- The Chaukhandi Stupa commemorates the spot where the Buddha met his first disciples, dating back to the fifth century or earlier and later enhanced by the addition of an octagonal tower of Islamic origin. In recent years it is undergoing restoration.
- The ruins of the Mulagandhakuti vihara mark the place where the Buddha spent his first rainy season.
- The modern Mulagandhakuti Vihara is a monastery built in the 1930s by the Sri Lankan Mahabodhi Society, with beautiful wall paintings. Behind it is the Deer Park (where deer are still to be seen).
- The Ashoka Pillar erected here, originally surmounted by the "Lion Capital of Asoka" (presently on display at the Sarnath Museum), was broken during Turk invasions but the base still stands at the original location.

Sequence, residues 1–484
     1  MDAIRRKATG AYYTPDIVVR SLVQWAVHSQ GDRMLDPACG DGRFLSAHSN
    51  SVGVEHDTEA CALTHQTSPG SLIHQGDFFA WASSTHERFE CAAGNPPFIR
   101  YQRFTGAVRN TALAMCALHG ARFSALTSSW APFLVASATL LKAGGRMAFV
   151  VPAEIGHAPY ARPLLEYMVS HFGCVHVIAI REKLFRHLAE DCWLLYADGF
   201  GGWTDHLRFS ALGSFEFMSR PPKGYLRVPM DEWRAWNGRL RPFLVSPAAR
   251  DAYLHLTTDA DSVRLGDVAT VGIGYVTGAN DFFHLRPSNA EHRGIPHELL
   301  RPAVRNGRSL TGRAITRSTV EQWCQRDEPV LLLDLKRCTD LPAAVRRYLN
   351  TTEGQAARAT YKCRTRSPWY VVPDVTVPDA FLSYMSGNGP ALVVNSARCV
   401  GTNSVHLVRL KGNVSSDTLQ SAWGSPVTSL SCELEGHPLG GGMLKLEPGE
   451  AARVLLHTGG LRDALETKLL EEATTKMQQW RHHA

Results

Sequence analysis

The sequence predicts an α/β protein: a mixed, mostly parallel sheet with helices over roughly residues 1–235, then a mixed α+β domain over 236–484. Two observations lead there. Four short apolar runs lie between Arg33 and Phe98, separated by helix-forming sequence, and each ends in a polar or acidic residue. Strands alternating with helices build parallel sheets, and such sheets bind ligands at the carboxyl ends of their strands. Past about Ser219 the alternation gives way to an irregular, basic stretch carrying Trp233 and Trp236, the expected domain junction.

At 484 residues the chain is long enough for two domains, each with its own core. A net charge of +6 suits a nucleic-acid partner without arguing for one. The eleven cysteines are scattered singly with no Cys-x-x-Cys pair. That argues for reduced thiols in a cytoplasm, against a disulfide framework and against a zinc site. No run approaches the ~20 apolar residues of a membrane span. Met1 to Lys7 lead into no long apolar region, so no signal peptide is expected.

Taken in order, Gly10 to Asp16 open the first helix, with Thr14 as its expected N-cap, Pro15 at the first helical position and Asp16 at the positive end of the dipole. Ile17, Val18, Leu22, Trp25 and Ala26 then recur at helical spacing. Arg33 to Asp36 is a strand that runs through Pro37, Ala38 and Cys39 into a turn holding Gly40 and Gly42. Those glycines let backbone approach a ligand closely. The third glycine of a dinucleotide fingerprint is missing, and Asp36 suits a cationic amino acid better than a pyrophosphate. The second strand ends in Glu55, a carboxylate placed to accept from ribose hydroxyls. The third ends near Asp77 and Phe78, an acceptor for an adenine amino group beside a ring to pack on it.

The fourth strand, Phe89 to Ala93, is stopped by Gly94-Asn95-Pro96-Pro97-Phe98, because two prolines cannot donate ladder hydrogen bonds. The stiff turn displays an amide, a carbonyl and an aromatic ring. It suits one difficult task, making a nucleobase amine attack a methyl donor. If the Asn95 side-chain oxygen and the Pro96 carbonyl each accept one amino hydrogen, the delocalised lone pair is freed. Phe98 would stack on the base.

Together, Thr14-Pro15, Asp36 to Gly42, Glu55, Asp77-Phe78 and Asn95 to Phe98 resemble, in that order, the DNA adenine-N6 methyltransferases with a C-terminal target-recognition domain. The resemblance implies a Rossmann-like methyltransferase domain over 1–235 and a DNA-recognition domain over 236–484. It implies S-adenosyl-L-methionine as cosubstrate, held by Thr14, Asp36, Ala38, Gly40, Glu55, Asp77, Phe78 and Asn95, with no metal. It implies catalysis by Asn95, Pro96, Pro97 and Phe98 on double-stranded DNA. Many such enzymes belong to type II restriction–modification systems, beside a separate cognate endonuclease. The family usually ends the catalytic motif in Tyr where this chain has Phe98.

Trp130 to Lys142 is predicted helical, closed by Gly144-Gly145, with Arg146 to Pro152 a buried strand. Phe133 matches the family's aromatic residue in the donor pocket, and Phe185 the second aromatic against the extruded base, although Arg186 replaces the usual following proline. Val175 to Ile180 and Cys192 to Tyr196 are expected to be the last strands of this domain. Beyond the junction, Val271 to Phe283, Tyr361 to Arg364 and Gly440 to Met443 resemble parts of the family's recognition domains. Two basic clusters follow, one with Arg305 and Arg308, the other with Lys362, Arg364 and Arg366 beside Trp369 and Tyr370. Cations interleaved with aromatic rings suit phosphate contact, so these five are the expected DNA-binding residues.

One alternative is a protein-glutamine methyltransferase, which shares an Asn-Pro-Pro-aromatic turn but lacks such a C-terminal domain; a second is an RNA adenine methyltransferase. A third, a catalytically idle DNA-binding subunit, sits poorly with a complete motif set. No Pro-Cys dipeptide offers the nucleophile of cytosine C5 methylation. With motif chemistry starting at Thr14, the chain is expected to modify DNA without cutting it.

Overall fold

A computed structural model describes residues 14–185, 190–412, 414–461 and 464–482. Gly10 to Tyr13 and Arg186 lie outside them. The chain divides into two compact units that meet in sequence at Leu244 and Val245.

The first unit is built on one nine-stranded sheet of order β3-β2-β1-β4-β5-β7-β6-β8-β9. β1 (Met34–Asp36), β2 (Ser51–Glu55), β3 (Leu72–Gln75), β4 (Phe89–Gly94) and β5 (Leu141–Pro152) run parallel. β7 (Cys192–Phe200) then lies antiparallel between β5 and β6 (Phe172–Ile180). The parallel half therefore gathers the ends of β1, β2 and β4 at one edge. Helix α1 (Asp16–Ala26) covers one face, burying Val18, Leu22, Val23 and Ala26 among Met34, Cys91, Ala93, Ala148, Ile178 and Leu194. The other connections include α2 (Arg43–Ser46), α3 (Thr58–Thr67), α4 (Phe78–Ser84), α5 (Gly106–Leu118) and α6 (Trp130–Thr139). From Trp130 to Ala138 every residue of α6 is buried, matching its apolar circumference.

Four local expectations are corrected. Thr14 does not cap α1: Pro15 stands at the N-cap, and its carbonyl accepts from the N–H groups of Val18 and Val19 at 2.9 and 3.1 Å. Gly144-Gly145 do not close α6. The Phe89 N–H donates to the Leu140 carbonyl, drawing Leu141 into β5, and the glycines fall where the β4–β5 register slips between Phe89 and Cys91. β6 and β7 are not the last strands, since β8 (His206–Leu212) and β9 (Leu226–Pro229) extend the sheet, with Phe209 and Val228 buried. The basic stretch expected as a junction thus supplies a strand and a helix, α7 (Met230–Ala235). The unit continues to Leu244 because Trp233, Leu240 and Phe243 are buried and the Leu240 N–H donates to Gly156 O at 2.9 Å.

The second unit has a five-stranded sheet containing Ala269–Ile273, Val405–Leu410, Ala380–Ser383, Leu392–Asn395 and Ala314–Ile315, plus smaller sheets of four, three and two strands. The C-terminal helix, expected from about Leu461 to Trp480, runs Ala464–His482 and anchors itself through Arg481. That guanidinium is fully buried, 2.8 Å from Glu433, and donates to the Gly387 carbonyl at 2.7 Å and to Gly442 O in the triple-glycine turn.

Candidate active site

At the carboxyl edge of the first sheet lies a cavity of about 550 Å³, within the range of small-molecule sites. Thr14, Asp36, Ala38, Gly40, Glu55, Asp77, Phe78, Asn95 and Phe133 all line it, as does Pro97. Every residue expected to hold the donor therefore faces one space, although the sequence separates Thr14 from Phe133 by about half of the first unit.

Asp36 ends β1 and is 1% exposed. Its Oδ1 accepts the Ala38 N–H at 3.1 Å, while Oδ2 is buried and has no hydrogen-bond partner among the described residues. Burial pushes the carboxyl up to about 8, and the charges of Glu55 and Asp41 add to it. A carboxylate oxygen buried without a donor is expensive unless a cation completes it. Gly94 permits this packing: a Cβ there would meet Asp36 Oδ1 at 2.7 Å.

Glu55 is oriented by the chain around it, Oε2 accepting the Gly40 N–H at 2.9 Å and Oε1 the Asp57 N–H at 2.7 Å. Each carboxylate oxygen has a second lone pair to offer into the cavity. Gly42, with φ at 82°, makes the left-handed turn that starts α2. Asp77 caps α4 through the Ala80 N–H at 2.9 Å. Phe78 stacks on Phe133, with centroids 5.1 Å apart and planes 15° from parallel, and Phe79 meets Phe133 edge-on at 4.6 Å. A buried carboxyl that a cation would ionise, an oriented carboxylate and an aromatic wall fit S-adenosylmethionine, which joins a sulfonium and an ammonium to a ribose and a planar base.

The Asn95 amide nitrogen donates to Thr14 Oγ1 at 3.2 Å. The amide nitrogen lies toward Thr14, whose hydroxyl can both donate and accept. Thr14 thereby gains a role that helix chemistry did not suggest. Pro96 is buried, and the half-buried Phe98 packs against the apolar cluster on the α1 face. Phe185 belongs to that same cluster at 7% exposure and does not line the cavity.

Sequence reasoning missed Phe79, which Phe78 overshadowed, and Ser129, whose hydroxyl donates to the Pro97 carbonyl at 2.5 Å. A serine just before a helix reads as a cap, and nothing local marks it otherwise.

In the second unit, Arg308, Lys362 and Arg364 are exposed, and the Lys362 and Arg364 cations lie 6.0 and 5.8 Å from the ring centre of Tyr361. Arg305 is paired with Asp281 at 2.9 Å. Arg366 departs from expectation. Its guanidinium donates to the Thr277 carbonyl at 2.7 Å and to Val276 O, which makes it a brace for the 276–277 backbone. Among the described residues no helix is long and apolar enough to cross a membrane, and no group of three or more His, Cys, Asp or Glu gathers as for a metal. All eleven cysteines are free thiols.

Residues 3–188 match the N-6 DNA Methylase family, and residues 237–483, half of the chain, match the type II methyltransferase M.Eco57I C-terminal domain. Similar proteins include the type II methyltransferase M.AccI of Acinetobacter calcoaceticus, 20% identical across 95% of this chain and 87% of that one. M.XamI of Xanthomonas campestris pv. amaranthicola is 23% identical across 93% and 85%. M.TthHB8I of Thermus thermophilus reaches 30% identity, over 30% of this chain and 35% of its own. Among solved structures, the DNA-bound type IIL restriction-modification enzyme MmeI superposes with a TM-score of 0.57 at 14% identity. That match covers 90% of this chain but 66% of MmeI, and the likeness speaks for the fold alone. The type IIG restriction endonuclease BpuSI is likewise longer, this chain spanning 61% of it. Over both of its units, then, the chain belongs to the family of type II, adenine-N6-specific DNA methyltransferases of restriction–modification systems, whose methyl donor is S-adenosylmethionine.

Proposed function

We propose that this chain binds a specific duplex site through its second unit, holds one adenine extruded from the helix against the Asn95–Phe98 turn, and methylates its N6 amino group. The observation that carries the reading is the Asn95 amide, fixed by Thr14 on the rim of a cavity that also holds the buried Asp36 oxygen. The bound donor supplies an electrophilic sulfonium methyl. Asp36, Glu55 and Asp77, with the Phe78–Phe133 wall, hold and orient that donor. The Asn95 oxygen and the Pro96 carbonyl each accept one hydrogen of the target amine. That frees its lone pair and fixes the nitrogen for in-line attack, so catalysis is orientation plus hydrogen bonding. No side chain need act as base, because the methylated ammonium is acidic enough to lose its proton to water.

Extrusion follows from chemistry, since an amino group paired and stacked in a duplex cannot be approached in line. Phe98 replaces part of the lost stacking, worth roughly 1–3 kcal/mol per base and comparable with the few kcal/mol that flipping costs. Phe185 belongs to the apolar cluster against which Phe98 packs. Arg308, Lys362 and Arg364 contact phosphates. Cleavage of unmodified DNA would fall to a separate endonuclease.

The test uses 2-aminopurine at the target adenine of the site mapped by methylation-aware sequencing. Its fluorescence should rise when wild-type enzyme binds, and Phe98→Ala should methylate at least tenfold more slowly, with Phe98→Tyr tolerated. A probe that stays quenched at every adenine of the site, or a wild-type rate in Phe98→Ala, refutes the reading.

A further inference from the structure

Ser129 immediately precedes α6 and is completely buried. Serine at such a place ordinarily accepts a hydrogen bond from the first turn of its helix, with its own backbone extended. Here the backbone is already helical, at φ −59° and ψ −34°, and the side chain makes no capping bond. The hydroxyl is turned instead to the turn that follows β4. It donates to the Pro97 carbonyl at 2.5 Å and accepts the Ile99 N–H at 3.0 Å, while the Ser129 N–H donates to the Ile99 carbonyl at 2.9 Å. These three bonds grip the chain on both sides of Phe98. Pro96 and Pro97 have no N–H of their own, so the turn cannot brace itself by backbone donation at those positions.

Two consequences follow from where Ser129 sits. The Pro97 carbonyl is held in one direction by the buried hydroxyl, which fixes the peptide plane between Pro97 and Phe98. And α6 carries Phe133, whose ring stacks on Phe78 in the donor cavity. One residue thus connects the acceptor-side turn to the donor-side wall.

- The Sarnath Archeological Museum houses the famous Ashokan lion capital, which miraculously survived its 45-foot drop to the ground (from the top of the Ashokan Pillar), and became the National Emblem of India and national symbol on the Indian flag. The museum also houses a famous and refined Buddha-image of the Buddha in Dharmachakra-posture.
- There is also a Bodhi tree planted by Anagarika Dharmapala which was grown from a cutting of the Bodhi Tree at Bodh Gaya.
Modern-Day Pilgrimage to Sarnath
Sarnath has been developed as a place of pilgrimage, both for Buddhists from India and abroad. A number of countries in which Buddhism is a major (or the dominant) religion, among them Thailand, Japan, Tibet, Sri Lanka and Myanmar, have established temples and monasteries in Sarnath in the style that is typical for the respective country. Thus, pilgrims and visitors have the opportunity to experience an overview of Buddhist architecture from various cultures.
- Rai Bahadur Daya Ram Sahni: Guide to the Buddhist Ruins of Sarnath with a Plan of Excavations and Five Photographic Plates. Archaeological Survey of India, Delhi 1922
- Reprint: Antiquarian Book House, Delhi/Varanasi, 1982-1983